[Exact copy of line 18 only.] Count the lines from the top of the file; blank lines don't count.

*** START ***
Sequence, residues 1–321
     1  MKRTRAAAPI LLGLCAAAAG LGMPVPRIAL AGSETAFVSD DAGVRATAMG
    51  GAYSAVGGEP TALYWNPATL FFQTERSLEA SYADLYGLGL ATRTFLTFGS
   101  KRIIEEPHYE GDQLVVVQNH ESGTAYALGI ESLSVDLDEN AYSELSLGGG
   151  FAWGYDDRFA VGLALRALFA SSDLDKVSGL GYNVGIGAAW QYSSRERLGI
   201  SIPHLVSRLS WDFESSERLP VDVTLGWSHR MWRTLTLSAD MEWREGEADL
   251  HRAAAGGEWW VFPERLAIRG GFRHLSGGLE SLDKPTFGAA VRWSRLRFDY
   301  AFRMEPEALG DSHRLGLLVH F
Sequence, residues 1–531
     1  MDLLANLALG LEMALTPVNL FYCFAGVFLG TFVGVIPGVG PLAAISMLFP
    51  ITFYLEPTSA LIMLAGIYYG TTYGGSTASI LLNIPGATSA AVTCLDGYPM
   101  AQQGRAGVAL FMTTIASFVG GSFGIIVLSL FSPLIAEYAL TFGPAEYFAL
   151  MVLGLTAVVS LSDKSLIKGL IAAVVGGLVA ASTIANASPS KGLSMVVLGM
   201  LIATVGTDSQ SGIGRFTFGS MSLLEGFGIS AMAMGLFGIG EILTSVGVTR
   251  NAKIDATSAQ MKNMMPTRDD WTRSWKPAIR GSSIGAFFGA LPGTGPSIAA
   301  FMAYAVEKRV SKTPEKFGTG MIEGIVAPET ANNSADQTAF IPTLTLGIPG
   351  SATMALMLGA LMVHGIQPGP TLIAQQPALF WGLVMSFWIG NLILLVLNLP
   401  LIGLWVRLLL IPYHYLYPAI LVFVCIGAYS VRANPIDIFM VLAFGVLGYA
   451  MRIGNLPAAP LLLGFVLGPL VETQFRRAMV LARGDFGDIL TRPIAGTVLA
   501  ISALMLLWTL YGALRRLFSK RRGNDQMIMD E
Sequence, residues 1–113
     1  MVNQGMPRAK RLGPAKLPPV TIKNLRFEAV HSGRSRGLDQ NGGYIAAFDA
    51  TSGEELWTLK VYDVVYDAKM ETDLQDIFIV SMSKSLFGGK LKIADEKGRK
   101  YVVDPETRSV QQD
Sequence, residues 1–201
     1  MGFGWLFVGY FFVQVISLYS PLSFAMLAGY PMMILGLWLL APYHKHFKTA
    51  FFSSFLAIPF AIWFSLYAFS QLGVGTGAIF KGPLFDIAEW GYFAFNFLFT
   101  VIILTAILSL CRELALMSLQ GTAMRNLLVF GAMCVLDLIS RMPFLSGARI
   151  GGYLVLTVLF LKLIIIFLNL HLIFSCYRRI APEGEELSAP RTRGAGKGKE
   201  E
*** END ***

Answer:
   401  LIGLWVRLLL IPYHYLYPAI LVFVCIGAYS VRANPIDIFM VLAFGVLGYA